The problem is HOW DO I GET ALL THESE PROGRAMS ONTO 2 MONITORS?  I recently upgraded my monitors to 2 x 24" HD 1980 monitors run by Display Port and I'm not ready to upgrade yet again to true display port monitors.  I also have read there are resolution issues with true display port and some ham radio programs.  So what I did was to place all the PSDR related programs UNDER SmartSDR  

This way when I have The 6300 in focus when all of the connected DXLab suite- DDUTIL- CWskimmer- SDRmemory6K- and SDR-Bridge programs are also in focus

But if I pound down SmartSDR the PowerSDR/Anan- DDUTIL- Log4OM station takes over the focus and I can still monitor Spot Collector and the DXLab band map.

One click and SmartSDR is back in focus

I love this stuff so much more than roofing filter radio!  :)

73  W9OY

How we got the Anan-10 running in Windows 8.1

I want to document my experience getting the Anan-10 running in Windows 8.1.  It was anything but plug and play.  I installed PowewrSDR_mRX and plugged nthe Anan-10 into one of my ethernet ports.  I have 2 nics and a wifi connection on this computer.  The computer assigned the IP address of 169.254,242.43 to the Anan. is what is called a private network sub-net, meaning it is a network used for intranet or computers within a building for example.  Other private networks include and  Most home networks are on the sub-net.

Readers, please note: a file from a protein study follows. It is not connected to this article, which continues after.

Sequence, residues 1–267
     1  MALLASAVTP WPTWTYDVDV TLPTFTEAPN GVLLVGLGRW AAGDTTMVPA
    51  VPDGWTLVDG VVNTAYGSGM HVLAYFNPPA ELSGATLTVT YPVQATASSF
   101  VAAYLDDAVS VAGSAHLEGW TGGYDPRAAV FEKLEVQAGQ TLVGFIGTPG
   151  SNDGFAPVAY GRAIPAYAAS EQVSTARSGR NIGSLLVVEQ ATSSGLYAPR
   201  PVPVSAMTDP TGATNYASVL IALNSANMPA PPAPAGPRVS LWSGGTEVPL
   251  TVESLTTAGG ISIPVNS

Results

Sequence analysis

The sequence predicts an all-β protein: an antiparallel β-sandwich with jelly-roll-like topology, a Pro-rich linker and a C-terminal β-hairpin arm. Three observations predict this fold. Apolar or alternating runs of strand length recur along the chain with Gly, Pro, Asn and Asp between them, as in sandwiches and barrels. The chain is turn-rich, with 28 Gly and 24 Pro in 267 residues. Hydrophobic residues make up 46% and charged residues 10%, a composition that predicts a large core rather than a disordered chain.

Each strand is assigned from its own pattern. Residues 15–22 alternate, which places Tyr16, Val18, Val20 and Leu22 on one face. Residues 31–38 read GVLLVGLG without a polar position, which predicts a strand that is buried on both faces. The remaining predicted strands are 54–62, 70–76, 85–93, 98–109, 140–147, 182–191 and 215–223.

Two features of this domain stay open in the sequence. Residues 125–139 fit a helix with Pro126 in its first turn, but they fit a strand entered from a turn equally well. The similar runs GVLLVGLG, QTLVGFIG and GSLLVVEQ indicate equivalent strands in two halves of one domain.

I could see the Anan's assigned address by looking in the Windows Task Manager

I would plug in the cable to the Anan, the adapter would light up with a solid green light on the left and a blinking green light on the right indicating activity.  I could see the Ethernet 2 icon in task manager also light up, indicating a connection and I would see some send activity march across the screen but never receive activity.  I could ping and get a nice ping

I thought HOT DAWG I'm almost home!  LOL on me!.  I next started PowerSDR_mRX and saw this screen

This screen indicates the IP of the Anan-10 is ???  I tried to ping and got nowhere

In addition there was still no activity in the Ethernet 2 task manager performance screen.  I kept being told your connected...your connected...  But no way Jorge' was I connected.  This was my PSDR screen

No panadapter activity, no audio, no TX.  In fact if you tried the mox or the tune you got this

 AKA I was hosed!